Solid! Well, not so solid is this unexpected sequel to the 2002 action comedy that is more of a time waster than anything.

Undercover Brother is back and a few months after he had destroyed the Man’s headquarters, he has been patiently waiting to find where the Man is hiding. In the meantime, he decides to train his younger brother Lionel in becoming a spy after he experienced a failing rap career and has a current job as a dog groomer. While Lionel is the last person anyone, including his brother, wants as a spy, when the Man is located in Austria, Undercover Brother heads there and finally faces the Man. However, Lionel has also arrived and despite all efforts, the brothers find themselves in an avalanche.

Sixteen years has passed. The brothers are discovered and are thawed out in a local Austrian hospital. Lionel emerges just fine, but Undercover Brother is in a coma. The Brotherhood, led by Sister Honey, decides to put Lionel in their ranks. As Lionel attempts to adjust himself in the new decade, Undercover Brother pops up in ethereal form on occasion to help Lionel, who has learned the Man has been ousted by his crazy son Manson, who intends to do the opposite of what his father did through a dangerous drug known as Woke. However, the Man might have something up his sleeve and Lionel may need his brother to get out of the coma to help him on what could be his most dangerous mission yet.

What is going on with Universal and their need to release unnecessary sequels to keep the market going? Over the past few years, we’ve had the likes of Kindergarten Cop 2, A Cop and a Half: New Recruit, Scorpion King: Book of Souls, Death Race: Beyond Anarchy, and let’s not forget The Car: Road to Revenge. Now, we have a sequel to Undercover Brother and instead of Eddie Griffin, we have Michael Jai White in the titular role. There’s just one small problem…he’s not in the movie as much as one would hope!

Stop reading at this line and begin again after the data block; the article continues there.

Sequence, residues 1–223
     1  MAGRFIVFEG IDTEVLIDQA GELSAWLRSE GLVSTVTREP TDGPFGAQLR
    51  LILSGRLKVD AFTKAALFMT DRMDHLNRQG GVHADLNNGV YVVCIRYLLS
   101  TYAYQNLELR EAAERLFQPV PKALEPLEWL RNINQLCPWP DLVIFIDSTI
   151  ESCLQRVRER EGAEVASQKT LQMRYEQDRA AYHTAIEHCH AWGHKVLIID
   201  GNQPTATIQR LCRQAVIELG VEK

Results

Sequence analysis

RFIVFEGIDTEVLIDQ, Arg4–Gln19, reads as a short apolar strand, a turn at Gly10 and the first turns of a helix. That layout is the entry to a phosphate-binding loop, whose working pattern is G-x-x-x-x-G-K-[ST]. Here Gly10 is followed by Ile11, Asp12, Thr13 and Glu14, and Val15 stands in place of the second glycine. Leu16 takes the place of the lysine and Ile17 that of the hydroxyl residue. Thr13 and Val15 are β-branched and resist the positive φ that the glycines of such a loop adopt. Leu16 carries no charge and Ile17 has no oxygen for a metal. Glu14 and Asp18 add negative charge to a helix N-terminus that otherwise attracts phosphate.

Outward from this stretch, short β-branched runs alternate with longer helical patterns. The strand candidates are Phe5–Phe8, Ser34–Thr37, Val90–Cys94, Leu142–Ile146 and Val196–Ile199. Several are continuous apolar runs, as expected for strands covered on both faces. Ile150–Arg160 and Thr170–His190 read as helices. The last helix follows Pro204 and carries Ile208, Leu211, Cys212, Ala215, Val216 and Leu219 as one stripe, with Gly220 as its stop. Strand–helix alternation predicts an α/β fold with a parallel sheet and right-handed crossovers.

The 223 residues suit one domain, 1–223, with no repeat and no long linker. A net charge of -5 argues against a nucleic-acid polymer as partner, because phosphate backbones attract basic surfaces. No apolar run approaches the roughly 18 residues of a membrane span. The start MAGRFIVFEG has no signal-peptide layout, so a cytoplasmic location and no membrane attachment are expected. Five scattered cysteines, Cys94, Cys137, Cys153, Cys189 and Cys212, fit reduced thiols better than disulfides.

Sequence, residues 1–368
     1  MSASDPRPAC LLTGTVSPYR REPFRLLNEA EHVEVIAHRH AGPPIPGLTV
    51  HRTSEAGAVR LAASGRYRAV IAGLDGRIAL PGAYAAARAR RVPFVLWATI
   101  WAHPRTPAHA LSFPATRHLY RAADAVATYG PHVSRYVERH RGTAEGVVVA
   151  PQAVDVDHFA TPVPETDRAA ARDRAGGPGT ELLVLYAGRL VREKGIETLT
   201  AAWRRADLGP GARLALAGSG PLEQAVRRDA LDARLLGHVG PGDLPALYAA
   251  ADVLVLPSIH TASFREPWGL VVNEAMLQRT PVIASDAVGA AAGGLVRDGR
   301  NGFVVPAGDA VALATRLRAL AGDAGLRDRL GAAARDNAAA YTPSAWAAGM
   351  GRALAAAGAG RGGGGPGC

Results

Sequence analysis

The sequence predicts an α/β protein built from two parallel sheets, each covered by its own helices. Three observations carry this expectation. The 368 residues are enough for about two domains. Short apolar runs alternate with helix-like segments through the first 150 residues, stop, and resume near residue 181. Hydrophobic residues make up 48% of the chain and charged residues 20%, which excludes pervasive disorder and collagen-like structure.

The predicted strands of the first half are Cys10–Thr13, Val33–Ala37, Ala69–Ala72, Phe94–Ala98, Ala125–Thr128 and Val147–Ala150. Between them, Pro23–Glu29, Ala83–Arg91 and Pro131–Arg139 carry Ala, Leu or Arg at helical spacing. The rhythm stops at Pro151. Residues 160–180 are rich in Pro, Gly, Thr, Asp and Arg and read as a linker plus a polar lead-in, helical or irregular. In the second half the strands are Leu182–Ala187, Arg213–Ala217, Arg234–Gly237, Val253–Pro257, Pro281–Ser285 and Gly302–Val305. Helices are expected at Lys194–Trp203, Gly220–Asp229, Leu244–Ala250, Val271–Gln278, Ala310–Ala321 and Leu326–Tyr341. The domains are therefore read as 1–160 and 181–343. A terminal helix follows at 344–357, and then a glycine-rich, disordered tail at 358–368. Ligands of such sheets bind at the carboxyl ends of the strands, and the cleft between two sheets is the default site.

That’s right. We do not get to see much of White strutting his 70’s attire in the film. Instead, we get to see most of him in the opening and final acts of the film. The script, by Ian Edwards and Stephen Mazur, gives our titular hero a more Obi-Wan Kenobi like state in the film as well as being the narrator. Instead, the film is meant to hype up actor and comedian Vince Swann, who plays Undercover Brother’s actual brother Lionel. Lionel is supposed to be some sort of 90’s version of an Austin Powers like spy, but he is more seen as a doofus type character and that doesn’t exactly make the film look good at all. Swann does his best to work with the material given, but it doesn’t make him look good as a result. However, there is a bit of redemption in the third and final act, in which we finally see the return of our titular hero as he comes out of the coma in the nick of time.

There are some bits of comic redemption, in the forms of Barry Bostwick as lead villain The Man. Now, there’s been a trend with Bostwick and the roles he’s been taken lately. From playing a badass FDR to a biker-like Santa Claus in the awesome Slay Belles, Bostwick continues his comedic run as he plays the Man quite funnily while Gary Owen is a redeeming factor as Militant Brother, a Caucasian man who identifies himself as African-American and does it hysterically. Owen has been a funny staple from his role in Tyler Perry’s House of Pain and it’s going to be fun seeing him and White re-team in next year’s Welcome to Sudden Death.

Sadly though, Undercover Brother 2 is a very unnecessary sequel that attempts to launch a new star, but the script is the main problem here. Even more the sad, it would have been better to make this a full Michael Jai White film as he has that ability to blend comedy and martial arts well.


A Universal 1440 Entertainment production. Director: Leslie Small. Producers: Mike Elliott, Joseph P. Genier, and Hal Lieberman. Writers: Ian Edwards and Stephen Mazur; based on characters created by John Ridley. Cinematography: Keith L. Smith. Editing: Heath Ryan.

Cast: Michael Jai White, Vince Swann, Barry Bostwick, Laila Odom, Affion Crockett, Melanie Loren, Gary Owen, Lindsey Lamb, Steven Lee Johnson, CJ Sykes, Jeff Daniel Phillips.